Advances in technology are famously disrupting multiple industries by removing elements of our past that are no longer fit for a digital age. Currently, potential employees are judged by references, LinkedIn recommendations, and endorsements that are often written by friends or even complete strangers.
The concept of employers contacting someone (who they don’t know) to ask them what they thought of a candidate in a role that may or may not is closely related to the job they are applying for, makes little or no sense whatsoever. Nobody should be too surprised at the outcome of a process that favors those that talk the talk but not necessarily walk the walk.
There is a strong argument that the professional review landscape is broken and no longer fit for purpose. There is also an element of irony that social media dominate almost every aspect of our lives and yet the recruitment process remains overwhelmingly anti-social. But, what is the alternative to ensuring the next member to join your team is not socially inept or lacking in any sense of moral fiber?
Step forward a new platform called Completed that is aiming to cut through the BS to introduce authentic and constructive criticism of employee performance. Completed is on a mission to show the real person behind their heavily filtered online persona. The sites biggest weapon is displaying constructive feedback to identify the employee’s strengths and weaknesses to help users improve themselves.
The controversial idea has the potential to turn the whole employment process on its head by presenting a new way of tackling an old problem. At a time where ensuring that a candidate is a perfect fit towards an organization’s culture is paramount, why is judging a potential employees character and references the final stage of the employment process?
The team at Completed believe that the future is not what it used to be and are inviting employers to try a new approach. Having to sift through hundreds of resumes often reveals very little about the person. Alternatively, try to imagine a future where employers are presented with a list of references, recommendations, and 360 reviews upfront rather than at the end of the hiring process.
As our carefully managed personal brand and digital footprint continues to evolve, could a Yelp-style rating model be a natural step forward? Making it harder to game the system and easier to be rewarded for good work or receive constructive feedback to improve certainly feels like progress. But, how does it work?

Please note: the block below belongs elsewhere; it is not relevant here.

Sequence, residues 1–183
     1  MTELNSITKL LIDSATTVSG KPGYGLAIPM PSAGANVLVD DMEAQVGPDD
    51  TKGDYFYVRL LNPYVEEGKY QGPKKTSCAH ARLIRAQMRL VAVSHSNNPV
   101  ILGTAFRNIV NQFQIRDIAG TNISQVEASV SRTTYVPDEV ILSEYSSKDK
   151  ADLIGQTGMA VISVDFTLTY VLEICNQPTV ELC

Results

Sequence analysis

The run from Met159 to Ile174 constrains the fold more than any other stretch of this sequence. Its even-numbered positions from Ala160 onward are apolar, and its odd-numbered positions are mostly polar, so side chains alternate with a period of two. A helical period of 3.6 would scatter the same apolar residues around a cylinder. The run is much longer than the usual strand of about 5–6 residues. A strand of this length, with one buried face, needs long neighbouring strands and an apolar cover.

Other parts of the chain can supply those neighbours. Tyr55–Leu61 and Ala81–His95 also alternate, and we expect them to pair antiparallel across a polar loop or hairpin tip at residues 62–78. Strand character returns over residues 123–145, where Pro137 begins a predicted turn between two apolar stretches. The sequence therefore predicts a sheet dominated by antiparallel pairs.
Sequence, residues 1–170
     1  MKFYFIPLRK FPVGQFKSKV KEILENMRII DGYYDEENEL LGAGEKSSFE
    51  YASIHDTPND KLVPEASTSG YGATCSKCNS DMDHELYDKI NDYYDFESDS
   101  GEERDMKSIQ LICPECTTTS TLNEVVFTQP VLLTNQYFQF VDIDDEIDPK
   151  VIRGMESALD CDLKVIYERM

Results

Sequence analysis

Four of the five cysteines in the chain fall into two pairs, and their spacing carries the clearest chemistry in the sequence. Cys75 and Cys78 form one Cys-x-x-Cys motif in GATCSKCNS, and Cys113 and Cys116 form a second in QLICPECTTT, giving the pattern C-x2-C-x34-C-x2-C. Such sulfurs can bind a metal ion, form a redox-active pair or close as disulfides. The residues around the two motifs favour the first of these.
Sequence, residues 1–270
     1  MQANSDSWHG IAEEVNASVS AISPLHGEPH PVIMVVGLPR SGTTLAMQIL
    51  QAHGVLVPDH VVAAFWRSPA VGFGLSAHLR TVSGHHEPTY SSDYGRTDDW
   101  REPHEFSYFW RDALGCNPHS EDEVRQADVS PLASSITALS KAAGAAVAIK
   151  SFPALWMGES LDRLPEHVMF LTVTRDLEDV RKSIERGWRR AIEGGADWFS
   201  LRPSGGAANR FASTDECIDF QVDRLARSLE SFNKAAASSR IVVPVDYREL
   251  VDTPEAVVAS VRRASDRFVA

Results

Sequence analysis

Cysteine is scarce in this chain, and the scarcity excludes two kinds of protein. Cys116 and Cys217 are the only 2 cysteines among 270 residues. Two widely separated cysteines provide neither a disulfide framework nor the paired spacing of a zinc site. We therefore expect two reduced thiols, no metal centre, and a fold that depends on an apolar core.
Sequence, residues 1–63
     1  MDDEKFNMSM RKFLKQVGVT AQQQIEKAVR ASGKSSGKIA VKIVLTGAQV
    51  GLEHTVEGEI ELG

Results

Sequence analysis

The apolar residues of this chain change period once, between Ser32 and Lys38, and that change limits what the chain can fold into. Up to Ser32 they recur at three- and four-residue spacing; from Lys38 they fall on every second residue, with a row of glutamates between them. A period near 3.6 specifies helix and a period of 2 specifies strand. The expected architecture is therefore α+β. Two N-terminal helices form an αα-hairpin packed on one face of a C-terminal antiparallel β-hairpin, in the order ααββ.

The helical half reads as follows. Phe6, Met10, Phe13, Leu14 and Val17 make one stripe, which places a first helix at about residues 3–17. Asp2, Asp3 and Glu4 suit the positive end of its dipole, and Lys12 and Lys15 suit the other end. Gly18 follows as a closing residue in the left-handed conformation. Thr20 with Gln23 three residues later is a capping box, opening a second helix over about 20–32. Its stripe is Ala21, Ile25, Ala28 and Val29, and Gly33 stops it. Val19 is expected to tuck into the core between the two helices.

Theoretically, anyone that you encounter during your daily routine will be able to review their interaction with you. Whether that be in the office, talking to a third-party supplier and even visiting a restaurant or store in your lunch hour when the payment method reveals your name to the server.
An algorithm will be used to determine that reviews are free from malice before they are published. A strict anti-cyberbullying policy is also in place to ensure the platform prohibits harassing, threatening, embarrassing and targeting reviews. However, reviews will not be removed by Completed unless it is libel.
The truth is we are already embracing this technology in other areas of our lives. Whether it is our business (Yelp), date (Tinder), a cab ride home (Uber & Lyft), holidays (Trip advisor), shopping (eBay and Amazon) our online profile is judged by the unique review score against your username.
Advances in geolocation and AI technology will also enable people to review anyone within their immediate vicinity in the same way that they find a date on the Tinder platform. These methods are already widely used in society, so leveraging the same technology to continuously improve the employment process will make perfect sense to many.
There is an increasing realization that the current system just doesn’t work. A glowing reciprocal feedback loop provides no value to the employer or candidate. Maybe, we need to look at a different way of approaching constructive criticism and most importantly, accountability for actions both online and offline as the digital between these two worlds disappears.
A true meritocratic society should be more than just a pipe dream. Thankfully there is a thirst for change as the speed of the digital transformation of everything gathers pace. If Completed is successful in turning this vision into a reality, it could easily become the next billion-dollar tech play that will deliver the much-needed change the employment landscape.